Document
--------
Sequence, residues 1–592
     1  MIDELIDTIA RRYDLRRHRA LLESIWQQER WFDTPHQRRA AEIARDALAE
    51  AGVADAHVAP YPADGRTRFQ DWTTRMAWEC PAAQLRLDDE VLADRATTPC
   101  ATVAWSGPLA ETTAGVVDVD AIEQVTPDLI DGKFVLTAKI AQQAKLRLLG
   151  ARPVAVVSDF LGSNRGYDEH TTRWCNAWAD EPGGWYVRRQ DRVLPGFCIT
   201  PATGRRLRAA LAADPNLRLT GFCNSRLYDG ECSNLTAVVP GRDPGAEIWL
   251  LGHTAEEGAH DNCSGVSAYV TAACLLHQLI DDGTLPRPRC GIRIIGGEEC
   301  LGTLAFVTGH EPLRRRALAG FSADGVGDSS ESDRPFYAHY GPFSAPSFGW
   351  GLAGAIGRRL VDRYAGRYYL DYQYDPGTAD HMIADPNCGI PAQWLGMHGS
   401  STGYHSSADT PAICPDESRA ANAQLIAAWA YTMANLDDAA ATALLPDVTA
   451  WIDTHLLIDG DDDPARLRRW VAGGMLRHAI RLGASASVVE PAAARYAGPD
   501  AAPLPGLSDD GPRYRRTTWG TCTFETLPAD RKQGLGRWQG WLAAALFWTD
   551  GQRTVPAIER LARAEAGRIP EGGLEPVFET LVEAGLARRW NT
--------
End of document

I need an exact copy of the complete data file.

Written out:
Sequence, residues 1–592
     1  MIDELIDTIA RRYDLRRHRA LLESIWQQER WFDTPHQRRA AEIARDALAE
    51  AGVADAHVAP YPADGRTRFQ DWTTRMAWEC PAAQLRLDDE VLADRATTPC
   101  ATVAWSGPLA ETTAGVVDVD AIEQVTPDLI DGKFVLTAKI AQQAKLRLLG
   151  ARPVAVVSDF LGSNRGYDEH TTRWCNAWAD EPGGWYVRRQ DRVLPGFCIT
   201  PATGRRLRAA LAADPNLRLT GFCNSRLYDG ECSNLTAVVP GRDPGAEIWL
   251  LGHTAEEGAH DNCSGVSAYV TAACLLHQLI DDGTLPRPRC GIRIIGGEEC
   301  LGTLAFVTGH EPLRRRALAG FSADGVGDSS ESDRPFYAHY GPFSAPSFGW
   351  GLAGAIGRRL VDRYAGRYYL DYQYDPGTAD HMIADPNCGI PAQWLGMHGS
   401  STGYHSSADT PAICPDESRA ANAQLIAAWA YTMANLDDAA ATALLPDVTA
   451  WIDTHLLIDG DDDPARLRRW VAGGMLRHAI RLGASASVVE PAAARYAGPD
   501  AAPLPGLSDD GPRYRRTTWG TCTFETLPAD RKQGLGRWQG WLAAALFWTD
   551  GQRTVPAIER LARAEAGRIP EGGLEPVFET LVEAGLARRW NT